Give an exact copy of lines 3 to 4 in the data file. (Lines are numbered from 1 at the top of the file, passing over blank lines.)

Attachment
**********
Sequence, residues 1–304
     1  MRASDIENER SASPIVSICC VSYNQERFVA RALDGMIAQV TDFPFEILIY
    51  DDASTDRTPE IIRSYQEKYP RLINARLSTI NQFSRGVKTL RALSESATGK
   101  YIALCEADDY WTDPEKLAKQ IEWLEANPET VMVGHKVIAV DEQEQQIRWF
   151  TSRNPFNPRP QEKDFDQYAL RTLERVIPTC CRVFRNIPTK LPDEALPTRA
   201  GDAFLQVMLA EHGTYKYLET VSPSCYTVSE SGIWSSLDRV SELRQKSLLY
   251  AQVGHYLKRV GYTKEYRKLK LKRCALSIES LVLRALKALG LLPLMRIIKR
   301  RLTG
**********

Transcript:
    51  DDASTDRTPE IIRSYQEKYP RLINARLSTI NQFSRGVKTL RALSESATGK
   101  YIALCEADDY WTDPEKLAKQ IEWLEANPET VMVGHKVIAV DEQEQQIRWF